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24. Spirituality and Spiritual Gifts - Part 1 (1 Cor. 12:1-3)

1 Now concerning spiritual gifts, brethren, I do not want you to be unaware. 2 You know that when you were pagans, you were led astray to the dumb idols, however you were led. 3 Therefore I make known to you, that no one speaking by the Spirit of God says, “Jesus is accursed”; and no one can say, “Jesus is Lord,” except by the Holy Spirit.


A Catholic priest once shared an incident which took place in the prison where he was serving as a chaplain. Assisted by an older man who happened to be a kind of “godfather,” the priest was in the chapel one day when someone came to inform him about the conduct of a particular inmate. Something had to be done. Since the priest’s assistant could not help but overhear the conversation, when the informer left he casually made an offer to help solve the problem: “Father, you want I should take care of this problem for you?” “No thanks,” replied the priest, “We don’t solve such problems with cement shoes.”

It was a sincere offer. The “godfather” was only trying to help. In his mind, there was nothing inconsistent with being a Catholic and ordering a “hit.” Fortunately, the priest saw things differently. I have heard similar stories of Christian inmates who sincerely believed the biblical way for them to discipline a wayward brother was to appoint someone to rub him out. Here is an interesting twist on 1 Corinthians 5. They did not need to turn this fellow over to Satan to destroy his flesh; they would take care of it themselves!

A distorted view of what it means to be spiritual is not new. One of the prominent areas of difference between Jesus and the religious leaders of His day was the definition of what it means to be spiritual. The scribes and Pharisees measured spirituality on the basis of external appearances. No wonder they were so eager to become wealthy. If Jesus’ parable of the shrewd steward in Luke 16:1-13 caused the Pharisees to scoff (verse 14), one can imagine how the story of the rich man and Lazarus (Luke 16:19-31) offended them. Their problem, Jesus said, was judging on the basis of appearances rather than on the motives of men’s hearts (Luke 16:14-18).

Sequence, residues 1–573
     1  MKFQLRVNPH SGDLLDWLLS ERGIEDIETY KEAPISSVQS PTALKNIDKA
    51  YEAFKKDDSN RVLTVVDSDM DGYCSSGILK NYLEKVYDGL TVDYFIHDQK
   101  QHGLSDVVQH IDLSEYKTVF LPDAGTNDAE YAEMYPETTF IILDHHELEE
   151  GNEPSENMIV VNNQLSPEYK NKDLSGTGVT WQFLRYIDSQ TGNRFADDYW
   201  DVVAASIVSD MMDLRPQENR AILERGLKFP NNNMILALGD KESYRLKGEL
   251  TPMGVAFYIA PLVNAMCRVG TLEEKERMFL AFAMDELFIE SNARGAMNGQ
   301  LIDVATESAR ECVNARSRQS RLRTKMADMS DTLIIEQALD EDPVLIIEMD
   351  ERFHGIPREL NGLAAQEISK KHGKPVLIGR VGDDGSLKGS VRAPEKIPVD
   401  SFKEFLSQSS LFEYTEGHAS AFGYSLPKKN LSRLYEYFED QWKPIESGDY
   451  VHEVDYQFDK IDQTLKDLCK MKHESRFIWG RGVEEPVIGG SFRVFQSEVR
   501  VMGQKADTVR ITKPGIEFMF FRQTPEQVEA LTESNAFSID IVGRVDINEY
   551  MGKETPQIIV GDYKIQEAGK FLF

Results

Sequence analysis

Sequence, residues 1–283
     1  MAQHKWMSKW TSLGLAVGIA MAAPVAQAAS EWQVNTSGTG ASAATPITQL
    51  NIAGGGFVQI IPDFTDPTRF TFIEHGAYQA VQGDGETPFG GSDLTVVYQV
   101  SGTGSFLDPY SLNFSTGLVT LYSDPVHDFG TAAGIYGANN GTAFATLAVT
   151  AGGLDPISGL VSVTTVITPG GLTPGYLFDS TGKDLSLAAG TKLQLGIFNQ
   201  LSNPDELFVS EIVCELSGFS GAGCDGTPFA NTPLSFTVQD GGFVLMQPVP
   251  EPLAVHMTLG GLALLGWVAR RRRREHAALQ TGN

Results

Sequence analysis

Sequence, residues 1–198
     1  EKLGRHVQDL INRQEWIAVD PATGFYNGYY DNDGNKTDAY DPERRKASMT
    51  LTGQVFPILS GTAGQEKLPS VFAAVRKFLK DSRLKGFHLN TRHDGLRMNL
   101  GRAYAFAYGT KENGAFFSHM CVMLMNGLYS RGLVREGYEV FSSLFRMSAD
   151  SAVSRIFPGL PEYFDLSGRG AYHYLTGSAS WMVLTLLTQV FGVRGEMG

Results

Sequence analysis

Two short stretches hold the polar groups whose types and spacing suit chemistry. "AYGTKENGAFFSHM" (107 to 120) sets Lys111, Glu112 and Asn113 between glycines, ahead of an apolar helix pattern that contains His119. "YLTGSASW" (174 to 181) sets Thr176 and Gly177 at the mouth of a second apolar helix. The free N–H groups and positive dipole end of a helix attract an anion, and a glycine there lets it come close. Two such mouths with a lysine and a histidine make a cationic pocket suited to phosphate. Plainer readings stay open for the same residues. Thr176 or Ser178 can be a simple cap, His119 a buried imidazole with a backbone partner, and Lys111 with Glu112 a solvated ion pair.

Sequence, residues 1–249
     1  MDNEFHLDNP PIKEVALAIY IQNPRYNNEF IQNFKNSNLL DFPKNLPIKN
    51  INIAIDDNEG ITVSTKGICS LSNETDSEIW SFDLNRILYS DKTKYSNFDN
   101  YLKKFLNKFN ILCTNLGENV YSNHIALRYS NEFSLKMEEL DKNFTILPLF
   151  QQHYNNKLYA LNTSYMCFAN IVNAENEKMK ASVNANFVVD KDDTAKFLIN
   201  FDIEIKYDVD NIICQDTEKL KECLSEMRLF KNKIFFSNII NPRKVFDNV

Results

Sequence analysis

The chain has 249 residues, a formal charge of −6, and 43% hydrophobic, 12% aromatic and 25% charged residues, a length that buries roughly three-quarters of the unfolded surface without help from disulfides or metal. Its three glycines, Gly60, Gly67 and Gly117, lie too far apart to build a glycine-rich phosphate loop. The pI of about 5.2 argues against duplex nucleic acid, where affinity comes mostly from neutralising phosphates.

The Sermon on the Mount was our Lord’s exposition of the Old Testament Law, stressing that true spirituality goes far beyond the letter of the law to the heart of the matter. Jesus encouraged the poor (literally, and in spirit), the mourners, the gentle, and those who are persecuted for the sake of righteousness (Matthew 5:12; compare Luke 6:20-26). He warned against practicing our righteousness in a way that would attract men’s attention to us (Matthew 6:1-18) and against hoarding our possessions. Jesus cautioned those who were quick to judge others that the standard they applied to others would also be applied to them (Matthew 7:1-5). We are to look to God for the good things of life and to treat others the way we wish to be treated by them (7:7-12). Jesus did not forbid us from making all judgments about others. He taught that we should not give what is holy to dogs (7:6) and that we should be on our guard against false prophets (7:13ff.). In short, Jesus turned the Jewish definition of spirituality inside-out and the spiritual system of His day upside-down.

Even in contemporary Christian circles, there is no consensus of thought on true spirituality which one would expect to find among Christians. Christians are dividing themselves over differing definitions of spirituality. Chapters 12-15 of 1 Corinthians are about true spirituality, and in particular, these chapters address the subject of spirituality in the context of spiritual gifts.

Spirituality and the Church at Corinth